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Family charged 'death tax' for baby who lived one hour

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posted on Jan, 14 2011 @ 05:46 AM
You know what I see here? That there's no story too sad that somebody wont use it to further their wingnuttery. Some RL for you:

Back in the mid 90's the UK was under Conservative government. Despite their best efforts, the UK was still way more socialist than any State of the USA today. My family lost a baby during birth. There was nothing suspicious about it: there were just several factors which added up to a protracted labour & the poor sod couldn't stand the strain. We had the option to have an autopsy performed, in an attempt to determine the exact cause of death. We could also stipulate how the procedure was carried out - no charge.

We were an unorthodox family of 1 man (me), 2 women & 3 young kids. B/c of the difficult circumstances surrounding the event, our intended child-care arrangements were screwed. The hospital looked after them - no charge.

After the gory bits were over, the staff brought the kids, with toys, mats etc to join us, a couple of reclining arm chairs & a Health Care Assistant so we could all try to come to terms with what had happened & get some rest - no charge.

We had to shift from the birthing suite eventually b/c they needed to get another woman in there. They also whisked our dead baby off to the morgue during this move. Some friends of ours turned up a bit later & wanted to see the baby. The hospital set him up in a crib, in a non-religious room attached to their chapel, for that purpose. Our group was then 9 adults & 6 kids. We camped out in that hospital for another 2 days - no charge.

I was a bit surprised to hear that when a baby dies in the UK, the undertakers deal with the remains for free. I dont remember (& possibly never knew) whether this is the law, or if they waive their fees pro bono. I expect that a fancy casket &/or burial would cost, but a cremation doesn't. If you want to take the ashes away, you have to tell the crem in advance & provide a receptacle. I was very surprised @just how far everyone goes to sheild you from paper work - no charge.

posted on Jan, 14 2011 @ 05:53 AM
You do realize that they get the child deduction for the entire year for state and federal taxes. 50$ not a problem

posted on Jan, 14 2011 @ 08:01 AM
Disgusting.. Worst thing in the world is for a parent to lose a child.. But to get taxed on it has to be a new low... What ever happened to compassion ? Truly sad that the only thing that seems to matter in america is damn money...

posted on Jan, 14 2011 @ 10:41 AM
reply to post by Bunken Drum

Thanks for sharing your story.

I have to wonder though...who actually supplied the funds for the personnel to carry out the duties they carried out for the deceased and the family? I can't help but think that they (all of the various people involved) did not do it for free out of the goodness of their hearts...did they clock out before they performed all of those services?

What about the actual medical supplies necessary for such postmortem proceedings, or the power to have the lights on while you guys were occupying the birthing room? They had to have been purchased somehow.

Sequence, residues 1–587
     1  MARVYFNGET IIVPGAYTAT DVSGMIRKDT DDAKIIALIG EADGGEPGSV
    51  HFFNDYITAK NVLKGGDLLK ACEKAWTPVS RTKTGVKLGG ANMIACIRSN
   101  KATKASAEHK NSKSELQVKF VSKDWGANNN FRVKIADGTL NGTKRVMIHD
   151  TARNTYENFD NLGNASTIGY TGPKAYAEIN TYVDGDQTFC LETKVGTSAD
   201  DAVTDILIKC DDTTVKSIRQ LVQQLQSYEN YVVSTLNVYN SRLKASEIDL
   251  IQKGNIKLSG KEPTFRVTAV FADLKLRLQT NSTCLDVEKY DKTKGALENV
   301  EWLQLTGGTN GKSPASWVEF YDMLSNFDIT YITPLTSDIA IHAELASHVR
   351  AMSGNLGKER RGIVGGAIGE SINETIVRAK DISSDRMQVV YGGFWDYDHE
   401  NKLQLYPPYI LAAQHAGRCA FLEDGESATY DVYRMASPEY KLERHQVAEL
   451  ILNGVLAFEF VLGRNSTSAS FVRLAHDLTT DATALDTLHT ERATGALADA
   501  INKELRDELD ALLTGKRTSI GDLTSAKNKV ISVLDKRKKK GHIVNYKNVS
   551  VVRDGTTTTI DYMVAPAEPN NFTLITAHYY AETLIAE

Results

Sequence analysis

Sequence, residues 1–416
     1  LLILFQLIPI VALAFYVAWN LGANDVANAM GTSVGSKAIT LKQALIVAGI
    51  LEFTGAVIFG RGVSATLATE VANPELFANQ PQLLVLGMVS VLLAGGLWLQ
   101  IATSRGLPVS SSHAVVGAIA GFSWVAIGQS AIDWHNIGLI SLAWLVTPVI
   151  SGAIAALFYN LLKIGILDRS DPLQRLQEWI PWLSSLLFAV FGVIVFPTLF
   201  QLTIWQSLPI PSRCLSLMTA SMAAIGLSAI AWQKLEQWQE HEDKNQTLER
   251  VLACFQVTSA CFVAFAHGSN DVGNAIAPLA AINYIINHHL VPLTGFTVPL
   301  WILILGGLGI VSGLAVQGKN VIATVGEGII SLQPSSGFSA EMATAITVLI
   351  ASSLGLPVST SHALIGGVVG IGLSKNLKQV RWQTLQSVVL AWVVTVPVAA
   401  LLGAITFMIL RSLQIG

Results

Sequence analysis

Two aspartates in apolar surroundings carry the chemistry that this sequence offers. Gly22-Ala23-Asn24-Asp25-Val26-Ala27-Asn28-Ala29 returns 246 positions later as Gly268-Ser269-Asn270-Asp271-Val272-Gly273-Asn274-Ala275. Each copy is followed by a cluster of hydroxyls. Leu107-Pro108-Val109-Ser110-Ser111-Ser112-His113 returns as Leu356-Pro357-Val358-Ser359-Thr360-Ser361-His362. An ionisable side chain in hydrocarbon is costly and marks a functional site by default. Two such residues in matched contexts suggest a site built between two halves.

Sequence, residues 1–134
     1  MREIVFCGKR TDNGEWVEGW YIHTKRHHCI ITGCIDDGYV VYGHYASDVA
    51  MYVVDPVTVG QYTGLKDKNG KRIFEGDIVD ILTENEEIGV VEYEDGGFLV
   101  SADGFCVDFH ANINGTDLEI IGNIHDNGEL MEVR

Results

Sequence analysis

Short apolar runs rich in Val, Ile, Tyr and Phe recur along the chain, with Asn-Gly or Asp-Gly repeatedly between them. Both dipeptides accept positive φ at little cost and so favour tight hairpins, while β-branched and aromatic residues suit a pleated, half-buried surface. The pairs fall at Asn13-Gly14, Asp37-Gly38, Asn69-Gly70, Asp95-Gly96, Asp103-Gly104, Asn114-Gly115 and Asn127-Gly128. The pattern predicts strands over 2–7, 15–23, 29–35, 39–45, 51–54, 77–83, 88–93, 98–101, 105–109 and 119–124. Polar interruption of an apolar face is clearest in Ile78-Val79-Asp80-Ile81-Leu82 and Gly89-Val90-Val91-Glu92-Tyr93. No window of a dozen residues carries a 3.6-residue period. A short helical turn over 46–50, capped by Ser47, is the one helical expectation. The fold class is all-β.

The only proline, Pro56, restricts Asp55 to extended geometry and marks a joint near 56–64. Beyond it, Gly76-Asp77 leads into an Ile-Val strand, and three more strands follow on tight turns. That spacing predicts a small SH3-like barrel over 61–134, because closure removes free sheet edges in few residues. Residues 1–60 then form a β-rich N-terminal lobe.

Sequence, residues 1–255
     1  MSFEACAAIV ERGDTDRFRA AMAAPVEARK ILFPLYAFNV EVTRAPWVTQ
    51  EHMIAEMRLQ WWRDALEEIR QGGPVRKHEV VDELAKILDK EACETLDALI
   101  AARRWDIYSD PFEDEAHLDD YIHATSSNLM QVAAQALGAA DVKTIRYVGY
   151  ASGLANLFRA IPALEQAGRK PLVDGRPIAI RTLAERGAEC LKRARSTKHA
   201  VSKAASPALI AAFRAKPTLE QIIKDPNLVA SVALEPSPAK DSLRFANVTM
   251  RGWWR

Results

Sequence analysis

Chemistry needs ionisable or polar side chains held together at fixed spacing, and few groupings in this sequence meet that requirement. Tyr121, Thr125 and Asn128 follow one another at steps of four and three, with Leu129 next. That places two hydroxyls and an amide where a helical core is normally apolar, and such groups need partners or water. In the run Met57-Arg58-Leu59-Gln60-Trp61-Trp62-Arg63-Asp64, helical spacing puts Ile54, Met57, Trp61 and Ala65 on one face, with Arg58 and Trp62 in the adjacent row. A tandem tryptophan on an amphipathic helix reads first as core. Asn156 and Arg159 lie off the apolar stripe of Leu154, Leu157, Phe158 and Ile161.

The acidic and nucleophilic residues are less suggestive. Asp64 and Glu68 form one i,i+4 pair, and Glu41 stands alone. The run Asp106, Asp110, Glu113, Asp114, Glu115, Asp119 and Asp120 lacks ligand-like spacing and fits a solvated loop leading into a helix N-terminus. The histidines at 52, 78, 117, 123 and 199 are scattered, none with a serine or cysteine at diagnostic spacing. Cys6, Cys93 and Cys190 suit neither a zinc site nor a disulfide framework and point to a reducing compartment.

Very interesting.

Thanks again for sharing.

posted on Jan, 14 2011 @ 02:48 PM
reply to post by MMPI2
You're right, someone had to pay for all of the above. Just as someone has to pay for the bit of bureaucracy that cant be avoided: within a time limit (3weeks I think) you're legally obliged to register the birth & death at the local Registrar's Office - no charge.
All of us that are earning enough to pay tax pay for it. Personally I find it comforting. There have been times where I've earned a lot &, naturally, bemoaned the amount of tax I've had to pay, & times like now where I'm just scraping by, but still have to pay my National Insurance contributions for each week that I have employment. Who knows when disaster will strike? Thats the whole problem with disaster, it isn't a problem if you're earning enough @the time to deal with it.

There were circumstances surrounding what happened with us that had me close to the edge of wigging out. The baby's death pushed me right to the very edge. I'm glad to know that if anyone else finds themselves in that position, the mechanisms to help them are in place, here in the UK. Its not just that I'll be looked after if I need it, its that I'm a lot less likely to be an "innocent bystander" statistic when we've all paid in to a common pot to deal with the common tragedies that affect individuals, than if some poxy $50 charge turns out to be the straw that breaks the camel's back of some distraught person's sanity. Enlightened self interest...

Hey, as it happens I've usually been in a position to have afforded insurance, but I realise that many people cant & that many insurance policies just so happen to exclude the kind of problems which actually do occur frequently enough that you really want insurance against them. Its obvious really. There's just no profit for a private business in paying out all the time. For a society however, the profit isn't money, its healthy, sane, productive, non-destructive people. I'd rather more of my tax went on care than war...

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